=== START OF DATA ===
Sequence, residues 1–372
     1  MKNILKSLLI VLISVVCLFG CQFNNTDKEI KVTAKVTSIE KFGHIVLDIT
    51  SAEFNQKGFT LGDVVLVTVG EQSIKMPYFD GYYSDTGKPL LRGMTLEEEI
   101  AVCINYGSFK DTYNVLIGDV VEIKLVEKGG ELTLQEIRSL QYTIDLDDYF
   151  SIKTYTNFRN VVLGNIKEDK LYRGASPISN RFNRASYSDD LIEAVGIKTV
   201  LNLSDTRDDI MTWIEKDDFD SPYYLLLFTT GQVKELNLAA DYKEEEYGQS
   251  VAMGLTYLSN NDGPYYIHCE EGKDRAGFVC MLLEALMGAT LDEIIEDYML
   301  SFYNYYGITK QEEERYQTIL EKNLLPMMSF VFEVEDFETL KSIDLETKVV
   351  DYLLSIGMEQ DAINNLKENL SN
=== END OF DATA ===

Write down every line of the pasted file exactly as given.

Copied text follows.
Sequence, residues 1–372
     1  MKNILKSLLI VLISVVCLFG CQFNNTDKEI KVTAKVTSIE KFGHIVLDIT
    51  SAEFNQKGFT LGDVVLVTVG EQSIKMPYFD GYYSDTGKPL LRGMTLEEEI
   101  AVCINYGSFK DTYNVLIGDV VEIKLVEKGG ELTLQEIRSL QYTIDLDDYF
   151  SIKTYTNFRN VVLGNIKEDK LYRGASPISN RFNRASYSDD LIEAVGIKTV
   201  LNLSDTRDDI MTWIEKDDFD SPYYLLLFTT GQVKELNLAA DYKEEEYGQS
   251  VAMGLTYLSN NDGPYYIHCE EGKDRAGFVC MLLEALMGAT LDEIIEDYML
   301  SFYNYYGITK QEEERYQTIL EKNLLPMMSF VFEVEDFETL KSIDLETKVV
   351  DYLLSIGMEQ DAINNLKENL SN